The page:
Background: Previous studies show inconsistent results regarding seasonal variation. The objective of this study was to expand current knowledge on seasonal variation in acute stroke care.
Methods: This nationwide registry-based study comprised data on 132,744 adult patients (≥18 years) with acute stroke (ischemic or hemorrhagic) who were admitted to Swedish hospitals from 2011–2016. Outcomes included quality-of-care indicators and survival, and the exposure variable was month of admission. Unadjusted analyses were followed by logistic regression analyses.
Findings: The unadjusted analyses revealed seasonal variation in patient characteristics, as well as in the quality of care and survival. The adjusted analyses showed significantly higher thrombolysis rates throughout the year with the biggest difference between January and December (OR 1.19, 95% CI 1.08–1.31). Direct stroke unit admission rates were lowest in January and highest in June (OR 1.17, 95% CI 1.09-1.26). Both occupational- and physiotherapist assessment rates within 48 hours were significantly lower in December compared to January (OR 0.85, 95% CI 0.80–0.91, and OR 0.83, 95% CI 0.77–0.88). Door-to-needle times and swallowing test showed no significant monthly variation. 7-, 30- and 90-day survival peaked during the summer and was lowest in the winter, with the biggest difference seen between January and May in 90-day survival (OR 1.28, 95% CI 1.17–1.40).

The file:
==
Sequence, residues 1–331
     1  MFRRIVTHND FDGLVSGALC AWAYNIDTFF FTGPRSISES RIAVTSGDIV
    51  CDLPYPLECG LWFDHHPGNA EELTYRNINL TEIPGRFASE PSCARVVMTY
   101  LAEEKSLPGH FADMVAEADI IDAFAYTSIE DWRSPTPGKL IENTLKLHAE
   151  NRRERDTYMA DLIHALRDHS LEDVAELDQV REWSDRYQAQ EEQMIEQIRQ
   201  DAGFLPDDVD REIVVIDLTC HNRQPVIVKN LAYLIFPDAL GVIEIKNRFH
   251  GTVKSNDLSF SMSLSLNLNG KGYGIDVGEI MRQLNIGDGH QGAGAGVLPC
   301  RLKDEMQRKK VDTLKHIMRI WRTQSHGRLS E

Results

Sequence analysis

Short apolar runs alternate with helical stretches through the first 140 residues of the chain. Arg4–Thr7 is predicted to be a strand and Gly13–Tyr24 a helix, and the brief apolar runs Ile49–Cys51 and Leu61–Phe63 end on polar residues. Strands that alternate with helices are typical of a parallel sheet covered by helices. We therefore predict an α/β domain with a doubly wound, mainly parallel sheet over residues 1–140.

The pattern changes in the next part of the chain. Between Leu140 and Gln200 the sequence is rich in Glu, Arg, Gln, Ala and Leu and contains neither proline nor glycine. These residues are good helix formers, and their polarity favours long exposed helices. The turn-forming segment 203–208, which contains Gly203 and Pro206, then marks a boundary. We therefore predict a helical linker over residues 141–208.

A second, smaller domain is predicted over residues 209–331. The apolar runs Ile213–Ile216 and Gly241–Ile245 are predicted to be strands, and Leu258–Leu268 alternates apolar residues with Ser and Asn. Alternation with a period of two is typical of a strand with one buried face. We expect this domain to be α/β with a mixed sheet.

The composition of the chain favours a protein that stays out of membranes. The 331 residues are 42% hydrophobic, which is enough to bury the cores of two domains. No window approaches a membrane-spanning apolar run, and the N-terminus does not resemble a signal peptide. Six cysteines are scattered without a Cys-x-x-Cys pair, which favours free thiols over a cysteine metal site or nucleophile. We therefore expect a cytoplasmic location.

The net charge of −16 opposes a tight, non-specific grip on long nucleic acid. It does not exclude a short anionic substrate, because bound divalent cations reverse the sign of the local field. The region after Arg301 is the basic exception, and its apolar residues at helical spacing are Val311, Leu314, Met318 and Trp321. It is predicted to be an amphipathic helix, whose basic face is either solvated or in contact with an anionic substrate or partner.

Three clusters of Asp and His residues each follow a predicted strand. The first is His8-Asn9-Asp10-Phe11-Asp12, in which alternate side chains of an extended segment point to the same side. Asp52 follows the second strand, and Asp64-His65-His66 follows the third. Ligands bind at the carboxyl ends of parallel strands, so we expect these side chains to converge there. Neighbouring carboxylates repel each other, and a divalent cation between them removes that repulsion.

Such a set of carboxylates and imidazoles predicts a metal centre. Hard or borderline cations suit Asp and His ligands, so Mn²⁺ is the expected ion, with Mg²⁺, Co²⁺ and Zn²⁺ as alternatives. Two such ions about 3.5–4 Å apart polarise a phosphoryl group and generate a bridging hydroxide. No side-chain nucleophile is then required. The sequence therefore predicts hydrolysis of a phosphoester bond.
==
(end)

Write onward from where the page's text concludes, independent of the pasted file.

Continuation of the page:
Interpretation: Seasonal variation affected the quality of care and survival for stroke patients, and the pattern and magnitude of the effect differed between outcomes. We believe quality improvement efforts should focus on reducing seasonal variation.